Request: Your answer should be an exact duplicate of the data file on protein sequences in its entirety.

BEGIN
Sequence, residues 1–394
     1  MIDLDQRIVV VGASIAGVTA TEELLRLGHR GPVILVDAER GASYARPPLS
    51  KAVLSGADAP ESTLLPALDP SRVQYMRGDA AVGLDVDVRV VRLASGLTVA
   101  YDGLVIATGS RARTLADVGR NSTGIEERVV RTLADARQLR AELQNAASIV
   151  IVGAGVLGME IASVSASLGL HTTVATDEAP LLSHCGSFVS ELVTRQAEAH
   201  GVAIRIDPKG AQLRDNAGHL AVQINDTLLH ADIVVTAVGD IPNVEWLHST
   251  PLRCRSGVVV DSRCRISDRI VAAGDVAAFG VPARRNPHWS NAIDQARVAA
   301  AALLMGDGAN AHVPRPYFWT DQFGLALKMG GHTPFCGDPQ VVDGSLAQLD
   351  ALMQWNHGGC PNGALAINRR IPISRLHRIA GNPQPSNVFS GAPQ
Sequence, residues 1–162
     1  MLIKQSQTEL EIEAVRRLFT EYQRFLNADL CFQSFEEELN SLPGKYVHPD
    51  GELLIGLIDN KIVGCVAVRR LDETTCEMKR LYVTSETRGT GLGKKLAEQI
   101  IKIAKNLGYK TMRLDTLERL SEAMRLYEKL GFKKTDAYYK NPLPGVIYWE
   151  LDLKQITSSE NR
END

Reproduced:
Sequence, residues 1–394
     1  MIDLDQRIVV VGASIAGVTA TEELLRLGHR GPVILVDAER GASYARPPLS
    51  KAVLSGADAP ESTLLPALDP SRVQYMRGDA AVGLDVDVRV VRLASGLTVA
   101  YDGLVIATGS RARTLADVGR NSTGIEERVV RTLADARQLR AELQNAASIV
   151  IVGAGVLGME IASVSASLGL HTTVATDEAP LLSHCGSFVS ELVTRQAEAH
   201  GVAIRIDPKG AQLRDNAGHL AVQINDTLLH ADIVVTAVGD IPNVEWLHST
   251  PLRCRSGVVV DSRCRISDRI VAAGDVAAFG VPARRNPHWS NAIDQARVAA
   301  AALLMGDGAN AHVPRPYFWT DQFGLALKMG GHTPFCGDPQ VVDGSLAQLD
   351  ALMQWNHGGC PNGALAINRR IPISRLHRIA GNPQPSNVFS GAPQ
Sequence, residues 1–162
     1  MLIKQSQTEL EIEAVRRLFT EYQRFLNADL CFQSFEEELN SLPGKYVHPD
    51  GELLIGLIDN KIVGCVAVRR LDETTCEMKR LYVTSETRGT GLGKKLAEQI
   101  IKIAKNLGYK TMRLDTLERL SEAMRLYEKL GFKKTDAYYK NPLPGVIYWE
   151  LDLKQITSSE NR